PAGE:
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Correction looming for 'stubbornly high' real estate prices in APAC
THERE are growing concerns that a market correction may be on the cards next year for Asia-Pacific (APAC) real estate, which has thus far been resilient amid the coronavirus pandemic, particularly when compared to Western markets.
A regional forecast report by non-profit education and research institute Urban Land Institute (ULI) and PwC released on Tuesday noted that the Covid-19 outbreak has had a limited impact on local real estate markets this year.
However, stress may surface soon, particularly in China, India and Australia, which will likely be sources of forced sales next year.
So far, investors that were anticipating a cascade of defaults as recession took hold have largely been disappointed this year. While APAC's property investment volumes fell 38 per cent year on year in Q3 2020, prices and cap rates remained mostly stable, according to Real Capital Analytics data.
Governments' huge stimulus and employment-support programmes have temporarily staved off the impact of deep recessions. In APAC, governments have also mostly held back from writing blank cheques, although banks and landlords have been supporting their cash-strapped customers instead of calling loans or terminating leases.
This has sustained many "essentially insolvent tenants, shoring up occupancy rates and maintaining landlords' balance sheets at near pre-Covid levels", according to the ULI-PwC report.
The region's buyers and sellers are also in a standoff over asset pricing.
"Buyers are underwriting lower values and cap rates based on an assumption of lower (or no) growth, together with expectations for declining rents," the report added. On the other hand, owners are generally strong enough financially to avoid forced sales, and so have been holding out in the hopes of early turnarounds in both the economy and the pandemic response.
That being said, conviction is growing that artificially high asset prices - and, with them, investors' profits - are due for a fall, as hopes for a V-shaped economic recovery are fading fast.
One analyst said the economic impact of government funding has translated into lower real estate transaction volumes as businesses have been propped up by such support, delaying the appearance of distress in the market.
But distress "will come, for sure, whether it's corporates selling assets, investors whose income streams have dried up and are unable to meet interest-rate coverage ratios, or banks or receivers themselves stepping in as creditors", the analyst added.
Expectations of investor profitability have thus declined to levels approaching the 2009 lows of the global financial crisis, the ULI-PwC study found.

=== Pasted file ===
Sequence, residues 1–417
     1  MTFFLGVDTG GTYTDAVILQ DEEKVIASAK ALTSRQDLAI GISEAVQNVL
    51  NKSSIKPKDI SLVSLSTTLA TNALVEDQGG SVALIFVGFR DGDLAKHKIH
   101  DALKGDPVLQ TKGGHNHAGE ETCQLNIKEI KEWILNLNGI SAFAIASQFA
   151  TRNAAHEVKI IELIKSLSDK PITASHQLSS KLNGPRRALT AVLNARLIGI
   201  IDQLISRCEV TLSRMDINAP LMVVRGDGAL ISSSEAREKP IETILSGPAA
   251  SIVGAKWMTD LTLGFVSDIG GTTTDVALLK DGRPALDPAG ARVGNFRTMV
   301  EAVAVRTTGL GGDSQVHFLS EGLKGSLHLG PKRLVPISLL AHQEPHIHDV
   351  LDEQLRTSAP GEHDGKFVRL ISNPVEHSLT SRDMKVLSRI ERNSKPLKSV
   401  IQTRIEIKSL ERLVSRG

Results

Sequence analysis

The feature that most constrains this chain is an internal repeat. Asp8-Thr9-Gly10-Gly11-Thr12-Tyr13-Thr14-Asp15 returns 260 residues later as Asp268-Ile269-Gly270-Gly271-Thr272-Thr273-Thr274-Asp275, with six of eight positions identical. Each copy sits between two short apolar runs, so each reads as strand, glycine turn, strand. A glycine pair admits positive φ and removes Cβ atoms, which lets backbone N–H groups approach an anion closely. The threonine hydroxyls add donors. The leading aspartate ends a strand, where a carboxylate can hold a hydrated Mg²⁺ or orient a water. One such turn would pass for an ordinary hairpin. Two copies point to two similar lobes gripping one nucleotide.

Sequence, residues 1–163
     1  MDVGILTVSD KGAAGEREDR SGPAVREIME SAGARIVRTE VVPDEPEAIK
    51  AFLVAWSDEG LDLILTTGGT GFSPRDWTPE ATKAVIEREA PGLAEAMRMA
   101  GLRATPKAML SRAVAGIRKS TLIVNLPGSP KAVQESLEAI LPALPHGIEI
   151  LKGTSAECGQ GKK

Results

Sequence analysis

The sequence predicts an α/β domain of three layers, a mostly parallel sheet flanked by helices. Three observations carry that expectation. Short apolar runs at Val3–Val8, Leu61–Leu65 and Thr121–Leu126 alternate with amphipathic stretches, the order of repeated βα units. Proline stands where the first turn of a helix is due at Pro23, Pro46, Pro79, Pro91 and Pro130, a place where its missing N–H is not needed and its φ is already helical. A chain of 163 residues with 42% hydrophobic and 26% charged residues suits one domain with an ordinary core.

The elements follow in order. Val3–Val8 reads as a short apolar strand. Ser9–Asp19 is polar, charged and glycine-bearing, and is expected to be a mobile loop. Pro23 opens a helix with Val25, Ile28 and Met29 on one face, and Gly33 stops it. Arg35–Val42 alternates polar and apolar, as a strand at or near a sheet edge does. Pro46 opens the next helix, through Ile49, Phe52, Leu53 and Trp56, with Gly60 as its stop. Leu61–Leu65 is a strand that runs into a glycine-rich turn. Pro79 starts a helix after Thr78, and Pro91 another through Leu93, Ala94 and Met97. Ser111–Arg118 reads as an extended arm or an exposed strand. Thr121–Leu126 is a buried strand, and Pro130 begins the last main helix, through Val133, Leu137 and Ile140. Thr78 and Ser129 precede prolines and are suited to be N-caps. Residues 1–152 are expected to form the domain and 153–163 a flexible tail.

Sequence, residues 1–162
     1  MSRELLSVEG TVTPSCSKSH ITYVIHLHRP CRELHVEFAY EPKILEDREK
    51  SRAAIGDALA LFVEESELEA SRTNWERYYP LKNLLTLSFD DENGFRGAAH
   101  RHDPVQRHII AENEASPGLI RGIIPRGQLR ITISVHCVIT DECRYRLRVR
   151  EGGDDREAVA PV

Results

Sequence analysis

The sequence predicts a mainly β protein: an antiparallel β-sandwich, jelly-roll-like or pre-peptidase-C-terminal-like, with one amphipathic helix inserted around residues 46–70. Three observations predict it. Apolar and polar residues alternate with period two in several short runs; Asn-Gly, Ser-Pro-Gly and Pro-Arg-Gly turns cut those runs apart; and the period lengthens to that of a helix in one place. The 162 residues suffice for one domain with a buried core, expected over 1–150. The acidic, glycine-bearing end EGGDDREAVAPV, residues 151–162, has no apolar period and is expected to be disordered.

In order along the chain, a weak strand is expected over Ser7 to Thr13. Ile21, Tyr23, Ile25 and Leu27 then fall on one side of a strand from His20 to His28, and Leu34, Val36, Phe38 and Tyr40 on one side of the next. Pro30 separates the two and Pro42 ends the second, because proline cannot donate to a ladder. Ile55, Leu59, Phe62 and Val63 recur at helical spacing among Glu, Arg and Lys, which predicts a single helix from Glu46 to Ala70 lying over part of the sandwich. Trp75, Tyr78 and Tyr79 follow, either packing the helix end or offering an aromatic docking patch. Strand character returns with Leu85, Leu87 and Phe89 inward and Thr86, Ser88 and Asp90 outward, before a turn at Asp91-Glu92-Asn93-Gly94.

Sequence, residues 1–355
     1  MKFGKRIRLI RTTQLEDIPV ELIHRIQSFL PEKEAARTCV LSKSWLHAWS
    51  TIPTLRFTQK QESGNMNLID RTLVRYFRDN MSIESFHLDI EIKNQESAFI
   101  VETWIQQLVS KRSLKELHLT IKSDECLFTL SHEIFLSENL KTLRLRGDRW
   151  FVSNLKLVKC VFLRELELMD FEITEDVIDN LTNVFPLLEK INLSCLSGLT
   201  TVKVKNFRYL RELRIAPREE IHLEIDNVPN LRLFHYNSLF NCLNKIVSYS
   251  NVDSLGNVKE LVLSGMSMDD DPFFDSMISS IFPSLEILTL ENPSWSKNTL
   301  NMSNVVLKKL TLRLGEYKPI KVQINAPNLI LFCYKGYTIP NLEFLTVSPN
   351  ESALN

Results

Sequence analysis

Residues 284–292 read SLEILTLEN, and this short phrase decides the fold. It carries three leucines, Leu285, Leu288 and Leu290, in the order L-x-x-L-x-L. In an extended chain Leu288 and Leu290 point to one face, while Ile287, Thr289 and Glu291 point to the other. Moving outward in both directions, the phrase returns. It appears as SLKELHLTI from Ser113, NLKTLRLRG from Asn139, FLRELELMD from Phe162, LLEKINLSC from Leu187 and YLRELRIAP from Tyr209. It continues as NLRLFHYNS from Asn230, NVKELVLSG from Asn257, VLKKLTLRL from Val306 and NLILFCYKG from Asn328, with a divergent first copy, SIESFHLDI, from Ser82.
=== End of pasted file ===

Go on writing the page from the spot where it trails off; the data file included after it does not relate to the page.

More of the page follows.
Another reason pricing has remained "stubbornly high" in the region is that valuers have been reluctant to write down asset values, relying on technical caveats about market uncertainty and hopes for an economic rebound next year.
An Australia-based interviewee believes that next year, especially in the first quarter, there will be more pressure on landlords to be realistic in valuing their assets, when job furlough schemes are removed, unemployment rates rise and other asset classes are repriced.
In China, smaller property developers have been finding it challenging to obtain bank financing due to a liquidity squeeze, and thus might soon liquidate assets to finance land purchases at attractive valuations. Larger players may also divest assets to "reposition their first power so they can go on an acquisition spree", said a Shanghai-based foreign investor.
India has seen an implosion of local non-bank finance firms, causing developer finance to be in shorter supply than ever. With the significant industry consolidation and demand for distress capital on a massive scale, foreign institutional and private-equity funds are thus looking to India as a source of opportunistic investments.
And in Australia, the economic impact of Covid-19 has been among the most acute in the region, with further rental declines expected as unemployment worsens and government support falls away. Investors also look to Australia as a source of distress because its mechanisms to sell off distressed assets are more front-and-centre than the rest of APAC. This greater market transparency may therefore open up more buying prospects there.
Meanwhile, Singapore, Tokyo and Sydney continued to rank as the top markets for investment and development prospects in the region.
The three markets each promise "a sense of safe harbour in an increasingly hostile global environment", in terms of both geopolitical and economic risks, said ULI and PwC in a joint statement on Tuesday.
Ong Choon Fah, ULI's Singapore chair and Edmund Tie's chief executive, noted that Singapore's reputation for neutrality has attracted a steady stream of investors and corporate occupiers that may opt to avoid current uncertainties in Hong Kong.
The Emerging Trends Asia Pacific report by ULI and PwC was based on a survey of 391 real estate professionals as well as 134 interviews. Respondents included investors, developers, property company representatives, lenders, brokers and consultants.